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A Walk In The Woods
Squaw Valley Creek is a beautiful stream, lined with deep, sun-dappled pools, boisterous waterfalls, and long rapids. Umbrella plant or Indian Rhubarbgrows thickly along the rocky shores shading the water beneath and dark formations of basalt hem the stream and provide spectacular bluffs and obstacles to the water¿s flow. It flows through a mature mixed conifer forest that includes Douglas fir, Pacific yew, pine and cedar. Black oak, vine maple, and dogwood form the understory and provide brilliant color on brisk autumn days. The ground is moss covered and damp. Wild ginger, iris, wild rose, bleeding hearts and sky rockets grow profusely. You should be alert to poison oak, it grows everywhere along the trail. The Squaw Valley Creek Trail is an easy hiking trail with lots of level ground and gentle climbs. It is five miles long, the last mile of which is still under construction. The creek only rarely slips from view, and occasionally the trail dips to creek level providing easy access for swimming, picnicking, and fishing for native trout. There are few locations that are suitable for camping along the trail but a good place for a backpacking camp is at the south end. Shortly after beginning your hike down the trail you will come to another trail that joins Squaw Valley Creek from the east via a footbridge. This is the Pacific Crest National Scenic Trail winding its way from the Lower McCloud River to Castle Crags. It and the Squaw Valley Creek Trail run concurrently for a short distance until the PCT forks off and heads uphill. The junction is marked. As you hike the trail, watch for the tracks of black tailed deer, black bear and other animals. If you are quiet you might be lucky to observe one or more of these animals in the wild. Listen for the chatter of stellers jays, the kakking call of the northern goshawk. Watch for American dippers or ouzels in the stream. In the evening you could hear the hoot of the great horned owl.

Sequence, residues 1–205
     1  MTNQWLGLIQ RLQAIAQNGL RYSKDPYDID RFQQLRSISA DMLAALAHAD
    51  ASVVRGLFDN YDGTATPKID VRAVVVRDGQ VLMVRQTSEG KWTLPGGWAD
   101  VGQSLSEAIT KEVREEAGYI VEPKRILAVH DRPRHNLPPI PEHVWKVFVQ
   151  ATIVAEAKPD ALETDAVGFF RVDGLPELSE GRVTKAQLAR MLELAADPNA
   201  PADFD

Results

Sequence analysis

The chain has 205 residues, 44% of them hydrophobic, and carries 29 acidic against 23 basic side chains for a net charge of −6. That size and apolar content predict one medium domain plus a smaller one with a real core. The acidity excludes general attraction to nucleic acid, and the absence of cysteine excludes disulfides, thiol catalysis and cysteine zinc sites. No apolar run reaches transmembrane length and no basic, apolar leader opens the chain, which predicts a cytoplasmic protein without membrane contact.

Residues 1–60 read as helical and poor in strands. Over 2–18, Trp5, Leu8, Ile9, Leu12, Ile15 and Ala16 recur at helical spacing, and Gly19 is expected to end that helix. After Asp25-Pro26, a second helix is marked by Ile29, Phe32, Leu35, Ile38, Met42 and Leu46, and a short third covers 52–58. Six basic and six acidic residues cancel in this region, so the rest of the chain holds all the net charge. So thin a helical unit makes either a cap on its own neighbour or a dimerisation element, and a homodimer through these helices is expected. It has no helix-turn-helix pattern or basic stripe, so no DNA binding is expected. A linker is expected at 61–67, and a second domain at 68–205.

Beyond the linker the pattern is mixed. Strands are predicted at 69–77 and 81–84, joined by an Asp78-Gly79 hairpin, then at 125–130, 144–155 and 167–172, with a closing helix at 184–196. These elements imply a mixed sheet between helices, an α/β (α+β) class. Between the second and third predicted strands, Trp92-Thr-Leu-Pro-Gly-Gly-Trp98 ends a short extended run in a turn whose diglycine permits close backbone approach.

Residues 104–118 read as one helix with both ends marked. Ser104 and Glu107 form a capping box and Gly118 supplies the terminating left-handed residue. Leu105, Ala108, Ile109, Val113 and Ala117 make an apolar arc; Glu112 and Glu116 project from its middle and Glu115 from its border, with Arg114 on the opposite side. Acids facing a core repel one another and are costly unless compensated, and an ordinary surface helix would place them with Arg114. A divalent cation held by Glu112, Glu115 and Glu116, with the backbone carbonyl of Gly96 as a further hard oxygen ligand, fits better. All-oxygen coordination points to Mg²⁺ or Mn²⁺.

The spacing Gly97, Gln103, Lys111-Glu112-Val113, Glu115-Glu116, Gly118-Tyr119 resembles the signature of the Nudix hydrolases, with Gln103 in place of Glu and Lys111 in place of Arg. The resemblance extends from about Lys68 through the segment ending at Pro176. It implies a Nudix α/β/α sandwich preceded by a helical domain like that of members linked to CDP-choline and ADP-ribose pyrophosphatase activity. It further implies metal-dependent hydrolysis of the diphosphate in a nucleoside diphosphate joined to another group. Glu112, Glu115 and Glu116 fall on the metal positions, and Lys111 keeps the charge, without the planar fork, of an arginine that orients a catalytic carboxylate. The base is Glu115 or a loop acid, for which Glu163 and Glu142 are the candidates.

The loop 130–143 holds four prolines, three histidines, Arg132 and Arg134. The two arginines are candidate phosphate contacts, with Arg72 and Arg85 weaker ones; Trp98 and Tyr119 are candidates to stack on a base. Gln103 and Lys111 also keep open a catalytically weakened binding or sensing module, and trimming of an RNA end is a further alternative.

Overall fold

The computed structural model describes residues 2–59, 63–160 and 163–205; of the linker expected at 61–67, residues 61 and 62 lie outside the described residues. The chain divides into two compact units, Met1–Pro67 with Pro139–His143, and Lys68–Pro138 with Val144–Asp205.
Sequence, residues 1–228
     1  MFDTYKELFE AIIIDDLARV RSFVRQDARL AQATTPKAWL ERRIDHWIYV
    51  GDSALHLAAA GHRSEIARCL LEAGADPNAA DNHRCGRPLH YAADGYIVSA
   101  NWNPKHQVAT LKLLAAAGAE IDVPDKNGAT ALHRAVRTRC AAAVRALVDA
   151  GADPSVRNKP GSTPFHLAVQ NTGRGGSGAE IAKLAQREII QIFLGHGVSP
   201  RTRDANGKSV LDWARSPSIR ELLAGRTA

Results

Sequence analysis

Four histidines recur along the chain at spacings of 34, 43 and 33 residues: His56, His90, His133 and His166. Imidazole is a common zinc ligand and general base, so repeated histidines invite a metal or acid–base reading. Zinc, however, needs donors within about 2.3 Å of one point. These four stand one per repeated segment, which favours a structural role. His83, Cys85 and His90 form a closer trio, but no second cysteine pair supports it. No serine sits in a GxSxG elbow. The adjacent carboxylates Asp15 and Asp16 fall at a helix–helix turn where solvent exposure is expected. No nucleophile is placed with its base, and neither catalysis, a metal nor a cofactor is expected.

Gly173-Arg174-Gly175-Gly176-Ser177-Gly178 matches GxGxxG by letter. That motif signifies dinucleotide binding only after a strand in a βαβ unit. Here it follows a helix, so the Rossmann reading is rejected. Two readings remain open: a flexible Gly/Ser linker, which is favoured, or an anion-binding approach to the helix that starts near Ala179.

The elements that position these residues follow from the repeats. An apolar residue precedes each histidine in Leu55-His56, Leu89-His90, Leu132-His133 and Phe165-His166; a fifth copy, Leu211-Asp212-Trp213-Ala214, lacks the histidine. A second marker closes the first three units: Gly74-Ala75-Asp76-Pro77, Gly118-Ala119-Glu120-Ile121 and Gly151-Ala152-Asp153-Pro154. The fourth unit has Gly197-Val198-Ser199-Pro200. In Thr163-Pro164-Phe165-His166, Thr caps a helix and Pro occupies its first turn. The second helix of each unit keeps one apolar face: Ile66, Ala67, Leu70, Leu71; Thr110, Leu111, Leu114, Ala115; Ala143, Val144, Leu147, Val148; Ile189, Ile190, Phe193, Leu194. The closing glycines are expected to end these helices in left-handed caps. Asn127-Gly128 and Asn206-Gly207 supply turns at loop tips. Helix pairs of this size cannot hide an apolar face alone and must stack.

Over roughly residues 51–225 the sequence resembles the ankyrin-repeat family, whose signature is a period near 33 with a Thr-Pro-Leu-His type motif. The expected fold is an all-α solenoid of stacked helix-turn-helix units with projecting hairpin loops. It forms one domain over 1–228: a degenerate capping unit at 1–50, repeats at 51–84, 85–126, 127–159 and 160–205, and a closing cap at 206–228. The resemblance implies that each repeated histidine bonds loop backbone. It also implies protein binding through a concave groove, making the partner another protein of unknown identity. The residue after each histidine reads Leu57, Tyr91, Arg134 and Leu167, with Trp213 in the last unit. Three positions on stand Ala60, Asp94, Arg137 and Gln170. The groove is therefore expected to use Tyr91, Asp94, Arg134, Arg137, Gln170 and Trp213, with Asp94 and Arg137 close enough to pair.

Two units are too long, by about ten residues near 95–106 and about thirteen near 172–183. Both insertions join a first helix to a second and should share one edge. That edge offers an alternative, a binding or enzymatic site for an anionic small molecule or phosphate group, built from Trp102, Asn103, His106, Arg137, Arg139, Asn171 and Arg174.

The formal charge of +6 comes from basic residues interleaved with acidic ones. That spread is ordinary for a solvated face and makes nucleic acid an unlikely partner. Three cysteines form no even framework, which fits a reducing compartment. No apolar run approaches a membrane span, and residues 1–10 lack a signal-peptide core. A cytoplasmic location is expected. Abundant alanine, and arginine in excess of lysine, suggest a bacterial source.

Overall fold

Check out the Official Route and Triplog.
This hike is listed as One-Way.
When hiking several trails on a single "hike", log it with a generic name that describes the hike. Then link the trails traveled, check out the example.